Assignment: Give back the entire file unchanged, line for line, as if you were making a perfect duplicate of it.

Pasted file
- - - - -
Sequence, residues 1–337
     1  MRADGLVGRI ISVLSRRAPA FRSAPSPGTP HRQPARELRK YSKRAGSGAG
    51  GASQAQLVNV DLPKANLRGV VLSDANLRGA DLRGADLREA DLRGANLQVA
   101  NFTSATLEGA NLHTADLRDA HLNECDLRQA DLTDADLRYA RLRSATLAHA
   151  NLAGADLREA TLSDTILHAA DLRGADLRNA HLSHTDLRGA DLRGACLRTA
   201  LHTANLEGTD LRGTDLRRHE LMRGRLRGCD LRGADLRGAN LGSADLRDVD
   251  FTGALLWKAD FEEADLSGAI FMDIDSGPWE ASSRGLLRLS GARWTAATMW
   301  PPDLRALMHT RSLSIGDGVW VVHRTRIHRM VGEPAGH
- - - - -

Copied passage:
Sequence, residues 1–337
     1  MRADGLVGRI ISVLSRRAPA FRSAPSPGTP HRQPARELRK YSKRAGSGAG
    51  GASQAQLVNV DLPKANLRGV VLSDANLRGA DLRGADLREA DLRGANLQVA
   101  NFTSATLEGA NLHTADLRDA HLNECDLRQA DLTDADLRYA RLRSATLAHA
   151  NLAGADLREA TLSDTILHAA DLRGADLRNA HLSHTDLRGA DLRGACLRTA
   201  LHTANLEGTD LRGTDLRRHE LMRGRLRGCD LRGADLRGAN LGSADLRDVD
   251  FTGALLWKAD FEEADLSGAI FMDIDSGPWE ASSRGLLRLS GARWTAATMW
   301  PPDLRALMHT RSLSIGDGVW VVHRTRIHRM VGEPAGH